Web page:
10. RAY HELLE. American Magazine May, 1951.

11. BILL KING. Bill King was an illustrator, graphic designer and toy designer, specializing in children's premiums Collier’s February 25, 1951.

12. FRANK RIDGEWAY. The Saturday Evening Post October 30, 1954.

13. JOHN RUGE. Ruge has been credited as the author of the caption for Peter Arno’ s classic, ”Well, back to the old drawing board.” Collier’s January 3, 1953.

14. BEN THOMPSON. Thompson was a comic book artist as well as a gag cartoonist. He worked for Timely Comics among others. The Saturday Evening Post February 26, 1955.

15. ELDON DEDINI. Dedini was on the Esquire staff before embarking on his highly successful freelance gag cartooning career. Esquire May, 1948.

Monday, June 07, 2021

The Garden As of Early June 2021

The garden as of June 1st. Not much to see, but some pretty flowers.



Friday, June 04, 2021

New England College Institute of Art and Design: Post-Pandemic Themed New Yorker Cover Assignment

This summer, I'm teaching an undergrad History of Illustration course at the New England College Institute of Art and Design. In addition to learning about history, the students are required to create their own illustrations. 

One assignment is to create their own New Yorker cover depicting the theme of life in a post-pandemic world. (This was inspired by Tomer Hanuka's SVA assignment.)

I asked them if I could share their work on social media. I think you will like it. So, here are the results from the History of Illustration students: 

Ian Ruoff:


Jacob Humphrey:

Kaitlyn Peters:


Kit Cantalupo:

Louis Murphy:

Luther Claytor:

Melissa DeBoe:

Quiara Santiago:

SJ Lindsay:

Thursday, June 03, 2021

From the Dick Buchanan Files: Ned Hilton Gag Cartoons 1927 - 1964

Today, we take a deep dive into the veteran magazine cartoonist Ned Hilton's work (1904 - 1967). He was a master of the clean line drawing -- like Gluyas Williams and Gardner Rea

This is all thanks to Dick Buchanan, who has put together some great Hilton cartoons and provides some fascinating background about the man. 

My thanks as ever -- and take it away, Dick.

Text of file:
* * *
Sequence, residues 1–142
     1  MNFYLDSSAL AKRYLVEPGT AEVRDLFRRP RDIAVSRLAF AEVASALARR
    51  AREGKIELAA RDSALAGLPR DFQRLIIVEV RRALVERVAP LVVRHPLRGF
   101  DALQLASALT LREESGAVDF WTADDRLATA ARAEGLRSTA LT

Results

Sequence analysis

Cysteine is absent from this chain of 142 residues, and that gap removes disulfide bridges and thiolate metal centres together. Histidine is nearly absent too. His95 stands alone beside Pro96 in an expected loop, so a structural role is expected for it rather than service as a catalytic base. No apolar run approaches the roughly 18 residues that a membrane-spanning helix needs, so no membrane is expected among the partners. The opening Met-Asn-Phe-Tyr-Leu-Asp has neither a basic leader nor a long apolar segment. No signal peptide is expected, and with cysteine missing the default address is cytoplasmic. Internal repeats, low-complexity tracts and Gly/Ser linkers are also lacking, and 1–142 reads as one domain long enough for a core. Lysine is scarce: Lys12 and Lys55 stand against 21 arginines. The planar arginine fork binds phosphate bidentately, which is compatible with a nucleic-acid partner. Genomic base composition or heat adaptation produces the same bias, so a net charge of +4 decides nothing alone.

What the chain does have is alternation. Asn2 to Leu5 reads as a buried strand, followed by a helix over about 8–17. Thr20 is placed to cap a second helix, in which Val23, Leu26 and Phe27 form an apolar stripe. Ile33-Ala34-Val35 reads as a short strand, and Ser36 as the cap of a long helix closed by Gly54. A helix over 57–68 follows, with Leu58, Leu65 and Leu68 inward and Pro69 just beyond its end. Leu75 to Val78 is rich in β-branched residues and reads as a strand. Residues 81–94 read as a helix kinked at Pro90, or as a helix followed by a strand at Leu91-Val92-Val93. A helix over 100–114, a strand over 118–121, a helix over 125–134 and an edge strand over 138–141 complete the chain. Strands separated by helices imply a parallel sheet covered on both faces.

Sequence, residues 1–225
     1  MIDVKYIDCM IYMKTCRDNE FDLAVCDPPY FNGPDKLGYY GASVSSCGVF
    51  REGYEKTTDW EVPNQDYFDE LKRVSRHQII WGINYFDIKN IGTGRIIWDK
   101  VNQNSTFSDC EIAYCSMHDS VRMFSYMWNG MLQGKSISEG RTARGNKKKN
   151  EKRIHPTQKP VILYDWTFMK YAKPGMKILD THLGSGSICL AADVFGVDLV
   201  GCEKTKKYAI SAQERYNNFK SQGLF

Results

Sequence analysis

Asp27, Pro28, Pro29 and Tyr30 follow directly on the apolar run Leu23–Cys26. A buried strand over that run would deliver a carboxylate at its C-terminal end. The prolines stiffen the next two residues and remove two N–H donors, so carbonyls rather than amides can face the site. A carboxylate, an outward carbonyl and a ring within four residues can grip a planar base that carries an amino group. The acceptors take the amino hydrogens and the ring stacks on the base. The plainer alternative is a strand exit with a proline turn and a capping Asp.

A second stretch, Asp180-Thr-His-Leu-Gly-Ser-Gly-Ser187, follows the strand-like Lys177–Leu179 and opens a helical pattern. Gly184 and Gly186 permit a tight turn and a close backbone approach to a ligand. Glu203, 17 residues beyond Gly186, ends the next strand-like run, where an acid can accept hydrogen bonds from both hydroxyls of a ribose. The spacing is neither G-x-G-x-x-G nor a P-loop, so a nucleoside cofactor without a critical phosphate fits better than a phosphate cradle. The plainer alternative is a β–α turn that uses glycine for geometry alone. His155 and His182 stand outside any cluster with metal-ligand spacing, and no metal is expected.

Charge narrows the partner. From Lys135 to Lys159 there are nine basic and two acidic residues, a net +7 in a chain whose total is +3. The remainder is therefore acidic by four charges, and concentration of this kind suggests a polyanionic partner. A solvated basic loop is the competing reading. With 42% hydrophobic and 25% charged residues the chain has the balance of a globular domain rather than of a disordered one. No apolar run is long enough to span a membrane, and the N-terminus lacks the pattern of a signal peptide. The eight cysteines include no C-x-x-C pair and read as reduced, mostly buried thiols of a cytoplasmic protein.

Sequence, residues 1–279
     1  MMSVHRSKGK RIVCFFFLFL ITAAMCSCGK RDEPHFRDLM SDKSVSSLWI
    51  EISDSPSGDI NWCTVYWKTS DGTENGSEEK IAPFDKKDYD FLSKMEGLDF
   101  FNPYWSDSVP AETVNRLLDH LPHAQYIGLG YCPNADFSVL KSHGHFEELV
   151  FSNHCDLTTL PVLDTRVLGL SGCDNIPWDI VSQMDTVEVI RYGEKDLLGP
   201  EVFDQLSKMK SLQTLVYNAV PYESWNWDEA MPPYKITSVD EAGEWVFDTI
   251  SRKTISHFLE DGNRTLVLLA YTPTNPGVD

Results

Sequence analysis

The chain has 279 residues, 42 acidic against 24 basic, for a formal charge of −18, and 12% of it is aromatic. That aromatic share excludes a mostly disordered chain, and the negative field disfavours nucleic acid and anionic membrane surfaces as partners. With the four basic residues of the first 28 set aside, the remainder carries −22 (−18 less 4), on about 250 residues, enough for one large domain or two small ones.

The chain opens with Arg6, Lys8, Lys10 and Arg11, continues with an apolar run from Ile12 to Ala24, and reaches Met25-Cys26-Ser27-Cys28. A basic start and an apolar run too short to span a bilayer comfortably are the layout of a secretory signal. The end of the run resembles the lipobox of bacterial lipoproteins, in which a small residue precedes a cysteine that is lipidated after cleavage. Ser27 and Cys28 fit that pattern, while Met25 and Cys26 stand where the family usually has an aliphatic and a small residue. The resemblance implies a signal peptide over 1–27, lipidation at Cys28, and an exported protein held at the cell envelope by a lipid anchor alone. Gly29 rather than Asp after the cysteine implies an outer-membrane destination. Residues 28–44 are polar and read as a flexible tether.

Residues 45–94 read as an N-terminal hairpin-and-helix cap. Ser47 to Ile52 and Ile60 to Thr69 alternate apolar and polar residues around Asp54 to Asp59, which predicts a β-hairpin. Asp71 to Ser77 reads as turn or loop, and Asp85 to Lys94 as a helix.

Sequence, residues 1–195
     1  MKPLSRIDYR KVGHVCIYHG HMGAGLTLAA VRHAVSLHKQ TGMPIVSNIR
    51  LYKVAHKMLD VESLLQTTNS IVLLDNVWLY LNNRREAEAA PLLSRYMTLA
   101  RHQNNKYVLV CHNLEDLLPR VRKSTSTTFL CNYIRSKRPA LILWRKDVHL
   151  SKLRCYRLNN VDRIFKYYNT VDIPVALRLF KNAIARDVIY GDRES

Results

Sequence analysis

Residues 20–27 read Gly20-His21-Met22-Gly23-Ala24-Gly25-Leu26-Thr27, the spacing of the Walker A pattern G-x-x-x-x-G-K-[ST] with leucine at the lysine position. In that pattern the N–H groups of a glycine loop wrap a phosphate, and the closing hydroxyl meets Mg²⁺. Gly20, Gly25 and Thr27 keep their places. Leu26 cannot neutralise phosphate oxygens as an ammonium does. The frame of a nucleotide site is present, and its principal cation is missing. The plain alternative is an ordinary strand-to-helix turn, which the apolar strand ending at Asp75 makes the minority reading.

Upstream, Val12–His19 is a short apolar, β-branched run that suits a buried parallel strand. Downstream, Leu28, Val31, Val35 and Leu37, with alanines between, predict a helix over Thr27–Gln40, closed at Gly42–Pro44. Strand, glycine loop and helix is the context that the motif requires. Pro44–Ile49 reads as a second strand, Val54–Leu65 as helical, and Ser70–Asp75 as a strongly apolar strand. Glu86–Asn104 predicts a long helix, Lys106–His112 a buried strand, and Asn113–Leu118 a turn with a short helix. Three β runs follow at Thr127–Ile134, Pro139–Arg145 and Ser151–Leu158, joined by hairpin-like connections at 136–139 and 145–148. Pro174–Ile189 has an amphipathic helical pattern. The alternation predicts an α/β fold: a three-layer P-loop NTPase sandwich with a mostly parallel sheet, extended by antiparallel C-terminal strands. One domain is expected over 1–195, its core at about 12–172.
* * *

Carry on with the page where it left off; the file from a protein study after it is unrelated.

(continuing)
Cartoons 1927 – 1964

Edward Aitkin Hilton was a cartoonist, illustrator and writer who signed his work Ned Hilton. His humorous drawings appeared frequently in all of 20th century America’s leading magazines. He was published in The New Yorker, Life, Judge, Esquire, Collier’s, The Saturday Evening Post and Look.

Hilton was born in Alhambra, California in 1904. He began his cartooning career at the age of 14 when his work appeared in The San Francisco Chronicle. In 1922, two of his cartoons appeared in Judge magazine’s “Beginner’s Luck” page and by the end of the decade he was a cover artist for both Judge and Life.

In 1933 Hilton moved to New York City. He continued to contribute drawings and covers to Life until its demise in 1936. His first New Yorker cartoon appeared in 1934 where he was a contributor until 1957. For years Hilton lived and worked in the St. James Hotel on West 45th Street, just a few blocks from the New Yorker offices.

We have clipped many Ned Hilton cartoons over the years. Here are a few . . .

1. NED HILTON. Life cover January, 1935.




2. NED HILTON. Life May, 1927.

3. NED HILTON. Life January, 1935.

4. NED HILTON. Life May, 1936.

5. NED HILTON. Collier’s February 20, 1937. 

6. NED HILTON. The Saturday Evening Post March 11, 1938.

7. NED HILTON. Collier’s June 10, 1939.

8. NED HILTON. Collier’s July 19, 1941.

9. NED HILTON. Collier’s July 31, 1943.

10. NED HILTON. The Saturday Evening Post July 17, 1948.

11. NED HILTON. This Week Magazine August 14, 1949.

12. NED HILTON. Esquire March, 1950.

13. NED HILTON. The Saturday Evening Post February 24, 1951. 

14. NED HILTON. True Magazine July, 1952.

15. NED HILTON. Colliers May 30, 1953.

16. NED HILTON. The Saturday Evening Post October 30, 1954.

17. NED HILTON. Look Magazine March 17, 1959.

18. NED HILTON. 1000 Jokes Magazine March – May, 1959.

19. NED HILTON. Look Magazine August 18, 1959.

20. NED HILTON. Look Magazine January, 29, 1963.

21. NED HILTON. For Laughing Out Loud January – March, 1964